30 June, 2020
10 Min Read
A new era of accessibility: on persons with disabilities in the post-COVID world
By , Shubha Nagesh works with The Latika Roy Foundation, Dehradun; Sara Rotenberg is a graduate of Georgetown University and Rhodes Scholar-elect based in Toronto. Views are personal
# During the lockdown, a father, left with no choice but to steal a bicycle, transported his disabled son from rural Rajasthan to Uttar Pradesh. A professor and wheelchair user in West Bengal, with no means of transport, has no access to medical care during this period, even in an emergency.
# In the wake of the pandemic and the lockdown, the already arduous quest for health, safety, and security for many has been exacerbated by a lack of accessibility.
Impact of the crisis
# The pandemic reveals how exacerbated inequities have become, particularly in low- and middle-income countries.
# In India, a study, “Locked Down and Left Behind,” documents the plight of persons with disabilities during this crisis.
# Of the 1,067 respondents, 73% are facing severe challenges, namely with financial stability, access to essential items, adequate accommodation, and availability of healthcare.
# Second, thousands of families lack access to critical care takers and domestic help, who play crucial roles in caring for a child or family member with a disability.
# Finally, there are significant impacts on the well-being of persons with disabilities. In particular, social isolation and limited access to accessible, adequate sanitation or isolation facilities threaten the health and safety of this already vulnerable population.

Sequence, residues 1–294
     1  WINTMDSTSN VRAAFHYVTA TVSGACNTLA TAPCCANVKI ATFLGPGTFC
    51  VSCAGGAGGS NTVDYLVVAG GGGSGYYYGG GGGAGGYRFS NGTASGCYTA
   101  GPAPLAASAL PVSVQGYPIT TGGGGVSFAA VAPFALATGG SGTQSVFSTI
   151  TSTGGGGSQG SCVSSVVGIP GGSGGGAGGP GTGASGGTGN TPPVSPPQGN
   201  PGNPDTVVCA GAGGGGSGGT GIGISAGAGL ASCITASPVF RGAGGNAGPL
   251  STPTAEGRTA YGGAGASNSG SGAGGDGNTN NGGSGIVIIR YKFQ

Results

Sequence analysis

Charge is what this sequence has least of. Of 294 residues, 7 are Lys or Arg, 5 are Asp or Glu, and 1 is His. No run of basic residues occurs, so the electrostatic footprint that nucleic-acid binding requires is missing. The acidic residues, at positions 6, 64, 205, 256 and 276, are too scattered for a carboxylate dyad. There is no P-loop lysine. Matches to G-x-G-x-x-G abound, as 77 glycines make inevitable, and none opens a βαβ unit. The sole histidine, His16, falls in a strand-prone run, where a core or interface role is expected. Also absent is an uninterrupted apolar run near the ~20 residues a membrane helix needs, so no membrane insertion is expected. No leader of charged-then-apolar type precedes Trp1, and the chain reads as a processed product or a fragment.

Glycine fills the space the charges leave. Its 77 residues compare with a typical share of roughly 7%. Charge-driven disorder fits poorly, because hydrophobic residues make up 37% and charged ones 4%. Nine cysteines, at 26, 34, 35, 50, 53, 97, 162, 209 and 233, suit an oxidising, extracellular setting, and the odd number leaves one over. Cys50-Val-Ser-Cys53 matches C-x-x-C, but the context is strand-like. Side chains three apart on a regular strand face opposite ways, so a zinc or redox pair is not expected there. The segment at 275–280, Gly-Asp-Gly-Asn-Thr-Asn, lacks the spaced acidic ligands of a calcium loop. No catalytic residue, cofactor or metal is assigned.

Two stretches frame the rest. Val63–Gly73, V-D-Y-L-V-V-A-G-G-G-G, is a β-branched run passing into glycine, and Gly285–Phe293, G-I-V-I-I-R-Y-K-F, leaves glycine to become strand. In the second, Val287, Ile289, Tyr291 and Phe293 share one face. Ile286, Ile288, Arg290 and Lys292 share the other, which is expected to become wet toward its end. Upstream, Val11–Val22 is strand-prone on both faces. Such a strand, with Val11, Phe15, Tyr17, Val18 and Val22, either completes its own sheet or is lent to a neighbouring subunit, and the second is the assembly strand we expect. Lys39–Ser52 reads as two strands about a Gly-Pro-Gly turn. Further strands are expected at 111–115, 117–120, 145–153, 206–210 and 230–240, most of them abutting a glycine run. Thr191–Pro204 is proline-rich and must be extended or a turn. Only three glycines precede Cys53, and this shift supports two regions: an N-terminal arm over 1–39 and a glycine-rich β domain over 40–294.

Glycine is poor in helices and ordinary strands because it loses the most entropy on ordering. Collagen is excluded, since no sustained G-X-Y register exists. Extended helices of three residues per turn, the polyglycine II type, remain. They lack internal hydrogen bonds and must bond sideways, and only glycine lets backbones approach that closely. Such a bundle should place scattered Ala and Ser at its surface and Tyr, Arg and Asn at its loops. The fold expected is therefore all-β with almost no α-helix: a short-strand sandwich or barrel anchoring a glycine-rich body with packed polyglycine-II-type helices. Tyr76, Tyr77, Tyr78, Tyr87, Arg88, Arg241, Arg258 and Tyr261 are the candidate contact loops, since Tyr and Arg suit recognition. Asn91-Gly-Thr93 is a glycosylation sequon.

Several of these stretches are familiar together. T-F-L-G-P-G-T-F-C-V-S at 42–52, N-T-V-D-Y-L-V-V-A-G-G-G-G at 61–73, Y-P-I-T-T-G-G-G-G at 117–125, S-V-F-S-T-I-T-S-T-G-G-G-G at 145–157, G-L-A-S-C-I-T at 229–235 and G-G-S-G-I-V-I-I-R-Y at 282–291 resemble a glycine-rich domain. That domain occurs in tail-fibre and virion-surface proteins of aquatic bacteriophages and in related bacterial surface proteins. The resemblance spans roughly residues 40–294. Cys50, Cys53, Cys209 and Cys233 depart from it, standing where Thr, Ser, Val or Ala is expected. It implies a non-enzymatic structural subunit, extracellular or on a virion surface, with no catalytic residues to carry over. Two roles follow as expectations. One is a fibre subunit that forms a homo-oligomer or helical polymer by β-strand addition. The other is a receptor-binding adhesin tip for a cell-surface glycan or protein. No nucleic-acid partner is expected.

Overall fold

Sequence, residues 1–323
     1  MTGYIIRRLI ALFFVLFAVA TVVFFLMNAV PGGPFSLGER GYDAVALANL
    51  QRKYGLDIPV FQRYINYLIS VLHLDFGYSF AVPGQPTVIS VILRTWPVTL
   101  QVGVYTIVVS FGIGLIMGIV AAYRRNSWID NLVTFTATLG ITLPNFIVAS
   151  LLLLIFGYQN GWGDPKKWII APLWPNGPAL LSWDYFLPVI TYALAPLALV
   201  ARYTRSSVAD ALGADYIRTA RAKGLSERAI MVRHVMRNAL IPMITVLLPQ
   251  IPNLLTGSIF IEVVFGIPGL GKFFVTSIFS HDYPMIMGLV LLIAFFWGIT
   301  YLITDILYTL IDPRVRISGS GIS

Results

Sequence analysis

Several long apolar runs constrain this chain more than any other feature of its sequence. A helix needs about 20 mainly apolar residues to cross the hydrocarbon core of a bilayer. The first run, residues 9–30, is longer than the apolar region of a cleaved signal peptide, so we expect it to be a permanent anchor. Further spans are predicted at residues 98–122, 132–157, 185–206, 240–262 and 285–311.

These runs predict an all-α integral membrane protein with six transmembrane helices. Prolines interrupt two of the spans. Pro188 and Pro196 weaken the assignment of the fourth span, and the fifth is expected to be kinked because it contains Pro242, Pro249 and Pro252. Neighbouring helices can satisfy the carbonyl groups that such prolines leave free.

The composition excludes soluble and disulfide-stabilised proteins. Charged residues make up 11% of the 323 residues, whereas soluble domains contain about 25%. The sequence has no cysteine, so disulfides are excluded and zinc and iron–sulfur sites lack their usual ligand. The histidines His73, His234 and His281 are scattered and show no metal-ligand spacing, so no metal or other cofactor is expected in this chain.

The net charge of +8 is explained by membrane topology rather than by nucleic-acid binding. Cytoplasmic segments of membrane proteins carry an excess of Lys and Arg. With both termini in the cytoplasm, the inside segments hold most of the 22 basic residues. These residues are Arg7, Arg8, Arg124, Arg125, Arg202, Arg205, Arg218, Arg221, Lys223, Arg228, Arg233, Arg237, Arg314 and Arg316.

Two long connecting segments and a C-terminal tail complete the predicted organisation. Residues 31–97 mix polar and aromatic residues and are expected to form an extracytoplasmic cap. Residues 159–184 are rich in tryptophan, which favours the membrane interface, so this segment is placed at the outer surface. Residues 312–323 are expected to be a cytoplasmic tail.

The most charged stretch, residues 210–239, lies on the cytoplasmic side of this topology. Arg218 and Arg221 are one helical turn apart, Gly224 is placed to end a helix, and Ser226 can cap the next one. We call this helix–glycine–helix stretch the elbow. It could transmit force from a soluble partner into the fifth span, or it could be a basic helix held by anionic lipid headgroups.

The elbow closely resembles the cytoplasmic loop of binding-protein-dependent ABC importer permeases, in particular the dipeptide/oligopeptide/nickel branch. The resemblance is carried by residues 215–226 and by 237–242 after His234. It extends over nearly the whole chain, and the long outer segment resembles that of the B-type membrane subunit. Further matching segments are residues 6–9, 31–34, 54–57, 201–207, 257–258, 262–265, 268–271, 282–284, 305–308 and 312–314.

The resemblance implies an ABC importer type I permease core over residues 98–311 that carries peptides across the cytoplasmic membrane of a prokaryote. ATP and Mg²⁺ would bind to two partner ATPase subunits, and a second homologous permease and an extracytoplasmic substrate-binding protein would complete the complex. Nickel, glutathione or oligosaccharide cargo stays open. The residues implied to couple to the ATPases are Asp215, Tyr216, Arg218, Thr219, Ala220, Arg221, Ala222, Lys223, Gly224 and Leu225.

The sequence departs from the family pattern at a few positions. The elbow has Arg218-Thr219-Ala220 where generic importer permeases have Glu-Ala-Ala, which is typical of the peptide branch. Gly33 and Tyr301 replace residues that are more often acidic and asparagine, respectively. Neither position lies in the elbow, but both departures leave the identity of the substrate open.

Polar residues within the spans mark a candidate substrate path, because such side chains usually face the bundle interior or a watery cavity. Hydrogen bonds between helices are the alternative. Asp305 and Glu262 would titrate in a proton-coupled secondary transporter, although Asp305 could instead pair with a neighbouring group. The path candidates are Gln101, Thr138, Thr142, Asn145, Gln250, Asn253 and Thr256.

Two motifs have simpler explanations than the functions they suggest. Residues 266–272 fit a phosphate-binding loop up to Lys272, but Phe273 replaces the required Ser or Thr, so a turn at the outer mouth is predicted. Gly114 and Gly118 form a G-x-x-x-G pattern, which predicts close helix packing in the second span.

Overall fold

# We have seen parents and families taking on herculean tasks to deliver interventions and therapies for their children, with telephone support from therapists or other support workers.
# However, underlying these efforts to address the impact of the pandemic at a community level is the fundamental challenge of accessibility.
# Persons with disabilities already struggle for equitable access to education, healthcare, transportation, and economic opportunities. The pandemic has further decreased access to these basic services and rights.
# The pandemic simultaneously presents an unprecedented challenge and an opportunity to change the course of accessibility in low- and middle-income countries in the post-pandemic world.
# In low- and middle-income countries that have battled pressing challenges (mass migration, concurrent infections like TB, limited health infrastructure, etc.), COVID-19 recovery plans include investments in urban planning, health facilities, and social spaces. If accessibility is considered, these efforts can catalyse the vision of an inclusive world.
Filling the gaps
# To address this growing fissure between the accessible and non-accessible world, the international community will have to close some of the gaps and blunt some of the edges by building accessibility across all sectors.
# Such efforts must engage people to promote education and awareness on including persons with disabilities; implementing accessibility laws and regulations; improving physical accessibility and universal design; reducing stigma; and developing the tools for individuals and communities to engage meaningfully with persons with disabilities.
# Ultimately, one of the key ways to achieve this is to begin including and involving persons with disabilities in decision and policymaking, for COVID-19 recovery and beyond, which can ensure representation on the matters that govern their lives.
# There is rarely an opportunity where policymakers have an ability to change the physical and social world drastically.
# Using this moment to implement universal accessibility should be central to the vision of the post-COVID era.
# Accessibility is a vital human right, and an accessible post-COVID world is one that will deliver justice to the minority population, without whom the path towards Sustainable Development Goals realisation and universal health coverage will remain a distant goal.
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